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Business Profile

Woodman’s of Essex Unites Nostalgia with New Traditions

The Woodman clan on the top deck of the restaurant in Essex. By Malea Ritz

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teeped in tradition, originality and award-winning taste, Woodman’s of Essex holds one major claim to fame above the rest – inventor of the fried clam. Woodman’s began as a roadside stand in 1914, selling small grocery items, homemade potato chips and clams. On July 3, 1916, original owners Lawrence “Chubby” and Bessie Woodman took what was considered a facetious suggestion from a local fisherman to fry up a few clams into an experiment. Wondering if the finished product was palatable enough to become profitable, the pair brought fried clams to the town parade to test their luck – and it turned out they were a big hit. Over 100 years and five generations later, Woodman’s continues to fry clams where it all began. “Having a product that came to fruition over 100 years ago that my grandfather did, it kind of makes you proud,” said Stephen Woodman, third generation, Woodman’s CEO. 8

“One of the things that the family strives for is to keep the old new again. We’re constantly trying to reinvent ourselves without changing,” said Maureen Woodman, third generation, director of catering sales at Woodman’s of Essex. The restaurant prides itself on being family-friendly, both for the elderly and infants. For many, it has been a long-standing family tradition to come together. “The experience has not changed. You know when you go there that the feeling and the taste and the smell is going to be exactly what you had as a child,” Maureen said. “It’s unchanged in an ever-changing world – people are looking for that right now. The Millennials love that, their grandparents tell them about this clam shack and it’s exactly as they told them. It gives them a comfy feeling; you feel safe.” The Woodmans have also been using a social media push to interact with the restaurant’s new generation of followers,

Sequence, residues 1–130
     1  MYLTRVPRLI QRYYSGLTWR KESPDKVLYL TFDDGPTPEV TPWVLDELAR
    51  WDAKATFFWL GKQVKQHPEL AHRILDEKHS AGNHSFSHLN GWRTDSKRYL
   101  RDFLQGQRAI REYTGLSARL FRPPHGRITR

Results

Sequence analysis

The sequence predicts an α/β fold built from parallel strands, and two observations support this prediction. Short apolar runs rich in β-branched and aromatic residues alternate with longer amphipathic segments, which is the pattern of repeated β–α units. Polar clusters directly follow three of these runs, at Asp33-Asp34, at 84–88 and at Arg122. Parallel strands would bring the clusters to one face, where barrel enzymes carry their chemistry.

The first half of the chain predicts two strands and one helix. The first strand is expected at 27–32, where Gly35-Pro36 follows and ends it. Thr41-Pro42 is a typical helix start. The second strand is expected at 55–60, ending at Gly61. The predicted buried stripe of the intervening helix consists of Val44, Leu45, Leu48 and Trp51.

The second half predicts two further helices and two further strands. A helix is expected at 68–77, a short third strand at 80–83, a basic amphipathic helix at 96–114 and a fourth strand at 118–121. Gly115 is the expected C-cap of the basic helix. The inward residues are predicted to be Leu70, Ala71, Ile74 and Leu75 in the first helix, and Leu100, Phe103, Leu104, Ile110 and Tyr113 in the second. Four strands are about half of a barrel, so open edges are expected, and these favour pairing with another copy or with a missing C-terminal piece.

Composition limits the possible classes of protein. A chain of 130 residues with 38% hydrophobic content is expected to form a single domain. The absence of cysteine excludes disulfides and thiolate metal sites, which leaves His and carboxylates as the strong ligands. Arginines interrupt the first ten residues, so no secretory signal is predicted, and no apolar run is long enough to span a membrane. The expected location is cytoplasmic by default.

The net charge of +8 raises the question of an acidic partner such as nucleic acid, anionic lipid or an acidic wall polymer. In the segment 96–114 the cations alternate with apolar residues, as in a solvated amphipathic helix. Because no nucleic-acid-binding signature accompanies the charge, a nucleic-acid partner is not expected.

and enjoy seeing their visitors’ experience through a different medium. The restaurant’s original gluten-free menu has also kept the crowds coming with the rise of Celiac’s disease in recent years and the emergence of the glutenfree diet. Woodman’s menu items are made with corn flour, making them more easily digestible than their wheat counterpart. “I think the food is current because you just don’t cook this food at home still,” she said. Both the restaurant’s location and cuisine have been earning Woodman’s quite a bit of attention. The restaurant has appeared in numerous movies, including “Grown Ups,” “The Proposal,” “Manchester by the Sea,” “The Crucible,” “Love Letters” and the TV show “The Devil You Know.” Woodman’s has also appeared on the Travel Channel’s “Food Paradise” and on various Food Network programs, and has

Profile for The Warren Group

Massachusetts Family Business - Spring 2017  

In this issue, learn to navigate your first lawsuit; keep your assets protected your creditors; and meet the inventors of New England's belo...

Massachusetts Family Business - Spring 2017  

In this issue, learn to navigate your first lawsuit; keep your assets protected your creditors; and meet the inventors of New England's belo...